Adding the human element to the argument against mask use
With regards to Greg McNally’s letter July 17… Mr. McNally has factual, statistical and democratic correctness. What perhaps is missing is a humanistic/humanizing perspective.
I work at Creedan Valley. My close co-worker has immunity health issues yet she has been there supporting our residents and her team throughout the stages of COVID-19. We are monitored daily, and have mandatory COVID-19 testing every 14 days (I’ve had better, less painful, regular procedures in my lifetime).
I do not consider being required to wear a mask an encroachment on my personal rights. We must wear them at work everyday. It keeps our co-workers and residents safe from any contact, we as individuals, may have had, with the world outside of home and Creedan. We all keep the “outside” to a minimum, but reality is, we periodically need groceries, prescriptions, etc…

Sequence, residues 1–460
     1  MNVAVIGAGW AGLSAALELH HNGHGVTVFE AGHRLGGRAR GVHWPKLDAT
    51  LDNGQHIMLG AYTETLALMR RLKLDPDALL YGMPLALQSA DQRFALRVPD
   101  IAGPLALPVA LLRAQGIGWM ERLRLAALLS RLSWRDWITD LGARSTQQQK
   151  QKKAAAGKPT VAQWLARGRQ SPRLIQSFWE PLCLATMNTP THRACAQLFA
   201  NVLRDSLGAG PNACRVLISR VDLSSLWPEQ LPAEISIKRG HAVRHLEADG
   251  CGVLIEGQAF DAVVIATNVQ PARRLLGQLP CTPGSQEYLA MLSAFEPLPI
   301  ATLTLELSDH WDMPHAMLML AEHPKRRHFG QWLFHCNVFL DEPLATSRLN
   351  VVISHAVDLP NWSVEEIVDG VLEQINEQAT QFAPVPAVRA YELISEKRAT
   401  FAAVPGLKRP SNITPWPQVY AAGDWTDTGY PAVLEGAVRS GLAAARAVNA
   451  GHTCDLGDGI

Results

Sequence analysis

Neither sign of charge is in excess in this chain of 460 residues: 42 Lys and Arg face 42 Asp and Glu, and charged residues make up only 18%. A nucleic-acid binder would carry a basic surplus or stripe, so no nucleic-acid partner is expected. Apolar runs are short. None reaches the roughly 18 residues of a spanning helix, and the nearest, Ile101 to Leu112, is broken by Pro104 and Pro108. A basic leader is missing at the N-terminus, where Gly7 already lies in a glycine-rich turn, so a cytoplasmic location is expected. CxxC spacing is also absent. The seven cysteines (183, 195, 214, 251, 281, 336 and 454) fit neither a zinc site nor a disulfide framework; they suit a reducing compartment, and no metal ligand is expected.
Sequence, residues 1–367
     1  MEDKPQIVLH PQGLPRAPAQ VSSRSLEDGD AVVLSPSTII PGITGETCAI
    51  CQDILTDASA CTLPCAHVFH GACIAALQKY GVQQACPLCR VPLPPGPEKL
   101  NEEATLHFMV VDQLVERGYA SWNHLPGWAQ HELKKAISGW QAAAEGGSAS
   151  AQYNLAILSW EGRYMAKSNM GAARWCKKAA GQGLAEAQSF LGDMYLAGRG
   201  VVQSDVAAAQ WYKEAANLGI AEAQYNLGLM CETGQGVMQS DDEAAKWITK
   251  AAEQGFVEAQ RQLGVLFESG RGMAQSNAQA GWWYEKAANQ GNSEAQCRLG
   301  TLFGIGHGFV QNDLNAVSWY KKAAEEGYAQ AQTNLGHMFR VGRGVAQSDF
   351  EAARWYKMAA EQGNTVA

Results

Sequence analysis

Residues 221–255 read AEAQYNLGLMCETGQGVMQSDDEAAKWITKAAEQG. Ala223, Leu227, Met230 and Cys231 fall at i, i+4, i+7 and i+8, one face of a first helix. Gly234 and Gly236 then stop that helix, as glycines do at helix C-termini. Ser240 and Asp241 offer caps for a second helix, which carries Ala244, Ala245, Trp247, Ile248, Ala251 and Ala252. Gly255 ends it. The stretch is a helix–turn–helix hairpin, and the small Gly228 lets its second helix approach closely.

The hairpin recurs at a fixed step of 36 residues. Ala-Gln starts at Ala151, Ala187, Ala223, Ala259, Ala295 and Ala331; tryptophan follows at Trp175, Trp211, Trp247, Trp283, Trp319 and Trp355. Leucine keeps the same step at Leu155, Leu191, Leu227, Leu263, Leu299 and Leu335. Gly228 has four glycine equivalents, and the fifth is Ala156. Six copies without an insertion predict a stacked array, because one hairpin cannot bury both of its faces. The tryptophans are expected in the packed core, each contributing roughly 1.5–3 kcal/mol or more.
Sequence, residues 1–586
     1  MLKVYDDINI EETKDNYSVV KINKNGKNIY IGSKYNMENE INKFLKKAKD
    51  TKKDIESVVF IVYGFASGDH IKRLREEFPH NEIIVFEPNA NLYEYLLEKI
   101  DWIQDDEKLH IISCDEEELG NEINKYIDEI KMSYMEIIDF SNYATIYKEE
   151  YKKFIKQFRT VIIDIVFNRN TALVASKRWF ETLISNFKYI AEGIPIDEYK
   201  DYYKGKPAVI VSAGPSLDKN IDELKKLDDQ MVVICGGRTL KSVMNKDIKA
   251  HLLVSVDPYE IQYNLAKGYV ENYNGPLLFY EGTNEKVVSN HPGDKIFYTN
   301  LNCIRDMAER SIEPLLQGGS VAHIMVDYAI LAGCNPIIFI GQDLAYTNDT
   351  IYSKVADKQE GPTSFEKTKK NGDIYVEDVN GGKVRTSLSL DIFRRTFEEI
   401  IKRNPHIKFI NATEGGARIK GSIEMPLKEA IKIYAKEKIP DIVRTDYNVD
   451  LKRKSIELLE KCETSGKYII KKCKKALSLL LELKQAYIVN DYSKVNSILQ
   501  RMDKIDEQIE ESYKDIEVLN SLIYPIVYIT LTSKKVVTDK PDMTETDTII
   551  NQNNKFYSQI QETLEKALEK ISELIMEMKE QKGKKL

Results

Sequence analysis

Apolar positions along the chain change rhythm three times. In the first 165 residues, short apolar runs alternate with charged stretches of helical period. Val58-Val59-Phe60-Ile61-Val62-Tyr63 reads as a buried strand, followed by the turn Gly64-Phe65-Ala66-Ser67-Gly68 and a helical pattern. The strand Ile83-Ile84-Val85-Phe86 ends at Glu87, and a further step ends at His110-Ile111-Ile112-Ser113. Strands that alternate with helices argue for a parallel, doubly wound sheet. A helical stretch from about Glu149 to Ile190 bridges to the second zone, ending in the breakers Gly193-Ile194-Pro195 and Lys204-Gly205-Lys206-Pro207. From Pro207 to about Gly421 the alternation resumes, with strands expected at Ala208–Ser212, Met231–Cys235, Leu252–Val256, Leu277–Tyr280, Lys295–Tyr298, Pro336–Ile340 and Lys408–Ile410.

I personally couldn’t give a drat what political mandates, stats, nor my personal democratic rights say. I do care to wear a mask to keep my residents and my health compromised family members as safe as I am personally able. If I were to be a asymptomatic carrier and bring COVID-19 into our long term care home or my family home, because I felt that not wearing a mask was my democratic right, I believe I may have troubles sleeping with myself… it’s not about me. It is however about those I come in contact with.
Politics have historically found no solid stand in right and wrong ethics, morals and actions… however, there is no grey area when it comes to our personal ability to assist with keeping others outside of ourselves safe. It’s about thinking outside of yourself and the facts. What is the humanizing action to take?